Many players came to the hockey-crazed city of Montreal over the years hoping to win over a crowd who breaths hockey. To say the task is difficult would be an understatement. The Canadians fans love their team and it’s players with passion. As with every relationship that fuel on passion and love, hate is a big part of the equation. Bombarded with the opinion and analysis from former coaches, players and journalists, the crowd who applauded last week’s performance can turn around, smell blood and start hunting for it. Worst of all is the fact that criticism rarely stays purely in hockey terms. It gets personal. The Theodore debacle demonstrated this in a rather ugly light. From a near undisputed idol status, the former Hart winner unable to perform adequately became a social reject. His past was dragged for everyone to see. Any non-hockey related story who could put Handsome Theo in a precarious position was discussed and analysed by the media. With Theodore gone and the Three Amigos disbanded, who would be the next
to be dragged to the altar of overexposure? The lucky candidate always needs to fill the following criterias:
-Being one of the team’s best player
-Taking a good part of the team’s salary cap
-Being non-politically correct / not telling the latest public relations prepared answer
-Being inconsistent in the performance given every night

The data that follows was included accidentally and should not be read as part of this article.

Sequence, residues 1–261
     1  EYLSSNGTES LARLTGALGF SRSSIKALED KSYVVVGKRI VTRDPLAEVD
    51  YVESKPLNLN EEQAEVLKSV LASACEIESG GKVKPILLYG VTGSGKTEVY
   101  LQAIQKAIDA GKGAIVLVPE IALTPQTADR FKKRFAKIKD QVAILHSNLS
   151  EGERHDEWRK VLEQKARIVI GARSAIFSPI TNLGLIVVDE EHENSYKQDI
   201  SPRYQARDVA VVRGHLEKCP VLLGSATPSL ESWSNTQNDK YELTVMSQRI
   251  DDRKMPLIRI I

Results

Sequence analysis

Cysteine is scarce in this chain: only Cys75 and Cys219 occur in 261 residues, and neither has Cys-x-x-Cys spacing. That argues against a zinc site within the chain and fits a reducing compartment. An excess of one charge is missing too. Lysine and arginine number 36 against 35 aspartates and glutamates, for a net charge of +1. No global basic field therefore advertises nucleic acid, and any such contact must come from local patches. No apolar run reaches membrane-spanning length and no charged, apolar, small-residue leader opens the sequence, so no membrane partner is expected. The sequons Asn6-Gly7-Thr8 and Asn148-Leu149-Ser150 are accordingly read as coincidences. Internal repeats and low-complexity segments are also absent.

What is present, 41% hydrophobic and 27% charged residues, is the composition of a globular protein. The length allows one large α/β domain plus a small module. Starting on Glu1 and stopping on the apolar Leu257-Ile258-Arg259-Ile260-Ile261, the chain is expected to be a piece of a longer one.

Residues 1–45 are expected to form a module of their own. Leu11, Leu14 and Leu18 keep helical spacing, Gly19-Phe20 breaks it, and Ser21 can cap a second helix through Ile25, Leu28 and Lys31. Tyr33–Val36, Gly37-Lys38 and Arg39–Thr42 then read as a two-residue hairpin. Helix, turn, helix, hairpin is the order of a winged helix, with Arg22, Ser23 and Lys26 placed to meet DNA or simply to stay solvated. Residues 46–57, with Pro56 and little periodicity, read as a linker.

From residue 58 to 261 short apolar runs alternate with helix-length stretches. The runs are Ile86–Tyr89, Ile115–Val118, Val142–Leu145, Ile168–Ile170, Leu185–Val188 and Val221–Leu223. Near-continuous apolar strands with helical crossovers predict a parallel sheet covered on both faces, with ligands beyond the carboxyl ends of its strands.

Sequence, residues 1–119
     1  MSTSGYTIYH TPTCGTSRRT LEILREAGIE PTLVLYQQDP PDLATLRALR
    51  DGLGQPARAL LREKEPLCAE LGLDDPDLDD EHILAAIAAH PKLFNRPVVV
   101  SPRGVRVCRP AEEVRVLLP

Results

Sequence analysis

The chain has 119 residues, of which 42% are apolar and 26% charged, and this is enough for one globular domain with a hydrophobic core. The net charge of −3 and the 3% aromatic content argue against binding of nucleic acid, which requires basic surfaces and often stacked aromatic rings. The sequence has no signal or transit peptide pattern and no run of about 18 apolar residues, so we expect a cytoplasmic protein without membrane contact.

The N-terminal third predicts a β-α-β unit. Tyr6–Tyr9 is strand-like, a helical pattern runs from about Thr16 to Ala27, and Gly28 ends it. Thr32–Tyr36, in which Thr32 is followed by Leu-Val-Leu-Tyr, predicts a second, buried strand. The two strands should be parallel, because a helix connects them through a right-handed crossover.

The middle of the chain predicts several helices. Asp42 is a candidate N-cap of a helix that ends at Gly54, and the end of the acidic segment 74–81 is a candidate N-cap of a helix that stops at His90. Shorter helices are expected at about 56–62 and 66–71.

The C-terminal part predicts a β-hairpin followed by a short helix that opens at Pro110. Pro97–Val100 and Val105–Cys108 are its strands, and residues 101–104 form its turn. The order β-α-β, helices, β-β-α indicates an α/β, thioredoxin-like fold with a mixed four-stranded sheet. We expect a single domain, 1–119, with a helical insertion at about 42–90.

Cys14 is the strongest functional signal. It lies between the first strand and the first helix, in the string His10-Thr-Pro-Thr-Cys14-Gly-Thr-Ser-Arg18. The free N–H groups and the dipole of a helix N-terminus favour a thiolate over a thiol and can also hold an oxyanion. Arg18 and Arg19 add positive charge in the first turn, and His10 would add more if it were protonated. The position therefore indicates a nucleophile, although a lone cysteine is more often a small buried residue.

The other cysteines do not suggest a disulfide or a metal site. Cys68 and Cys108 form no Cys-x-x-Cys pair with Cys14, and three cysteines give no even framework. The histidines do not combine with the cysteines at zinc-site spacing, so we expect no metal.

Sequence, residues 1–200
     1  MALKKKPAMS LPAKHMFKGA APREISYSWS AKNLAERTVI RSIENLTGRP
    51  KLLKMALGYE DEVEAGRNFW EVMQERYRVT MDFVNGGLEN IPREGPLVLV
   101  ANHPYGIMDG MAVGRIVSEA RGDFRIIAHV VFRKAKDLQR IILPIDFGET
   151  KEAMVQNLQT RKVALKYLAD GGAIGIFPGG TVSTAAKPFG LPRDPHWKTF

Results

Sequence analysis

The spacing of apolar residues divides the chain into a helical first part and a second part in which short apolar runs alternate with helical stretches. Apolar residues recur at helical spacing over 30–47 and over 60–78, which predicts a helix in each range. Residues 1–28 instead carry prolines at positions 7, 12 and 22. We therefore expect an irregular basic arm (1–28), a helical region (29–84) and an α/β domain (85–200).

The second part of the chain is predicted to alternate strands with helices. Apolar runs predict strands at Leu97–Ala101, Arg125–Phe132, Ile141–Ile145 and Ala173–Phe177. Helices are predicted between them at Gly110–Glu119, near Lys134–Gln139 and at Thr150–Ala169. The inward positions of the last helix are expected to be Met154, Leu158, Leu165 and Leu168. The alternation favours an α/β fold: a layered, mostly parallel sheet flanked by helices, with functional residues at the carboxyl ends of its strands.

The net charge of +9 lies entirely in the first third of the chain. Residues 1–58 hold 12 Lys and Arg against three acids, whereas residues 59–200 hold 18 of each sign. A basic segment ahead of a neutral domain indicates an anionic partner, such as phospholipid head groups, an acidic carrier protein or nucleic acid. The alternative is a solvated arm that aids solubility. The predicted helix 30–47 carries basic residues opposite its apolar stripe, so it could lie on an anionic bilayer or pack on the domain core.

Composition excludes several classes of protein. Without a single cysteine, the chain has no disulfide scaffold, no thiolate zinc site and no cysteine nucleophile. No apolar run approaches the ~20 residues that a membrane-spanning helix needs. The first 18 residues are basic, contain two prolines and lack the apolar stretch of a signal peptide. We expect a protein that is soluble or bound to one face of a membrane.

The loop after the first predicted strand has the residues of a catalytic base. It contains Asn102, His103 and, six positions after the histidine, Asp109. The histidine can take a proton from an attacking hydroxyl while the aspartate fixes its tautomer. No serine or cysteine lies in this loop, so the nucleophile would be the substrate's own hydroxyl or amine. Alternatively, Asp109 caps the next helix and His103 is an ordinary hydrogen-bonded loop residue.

From the very first day Alex Kovalev stepped into the jungle of Montreal, he became the talk of the city and why shouldn’t he? Having been the designated winger for two of the best hockey players ever to grace the sport (Wayne Gretzky and Mario Lemieux), known as one of the premier stickhandler in the league and possessing strength and raw talent 80% of the NHL players would seal a pact with the Devil to possess, it is no wonder the sell-out crowd present the first time this man stepped foot on Bell Centre’s ice reacted with a standing ovation given only to the selected few. The Anointed One, this elusive star forward Montreal had craved for so long had finally made his way to the Mecca of Hockey. How could it be possible to receive Russia’s national team captain for Josef Balej and a draft pick? Too good to be true? Apart from his formidable skills, Kovalev carried with him a enigmatic reputation. Anyone looking at his career stats can only wonder how one so gifted have such ordinary stats. Not to say these were bad stats but nothing extravagant nonetheless. Almost everyone had heard about the story of Mike Keenan getting so annoyed with AK-27 lengthy shifts that he punished the guy by forcing him to stay on the ice for six whole minutes. Quebec Nordiques fans remember all too well the series of 1995 against the New York Rangers in which Kovalev faked an injury after being tapped by defenceman Wolanin. All this resulted in Joe Sakic being refused a goal, the Nordiques being eliminated and moving soon after to Denver. This is a strange amalgam of events. If you put together the formidable skills, raw talent, strength and a way to tell things exactly as he sees them and you add all the bizarre events surrounding Kovalev together, you have a rather complex character. Did I mention that he is a pilot, owns his own aircraft, plays saxophone, created The Friends of Kovy (he invites sick children to the Bell Centre prior to a game in a corporate box he bought for this occasion and plays table hockey with them) and visited a fan at her house because she wrote a letter that touched him. Certainly not the average hockey player, don’t you think?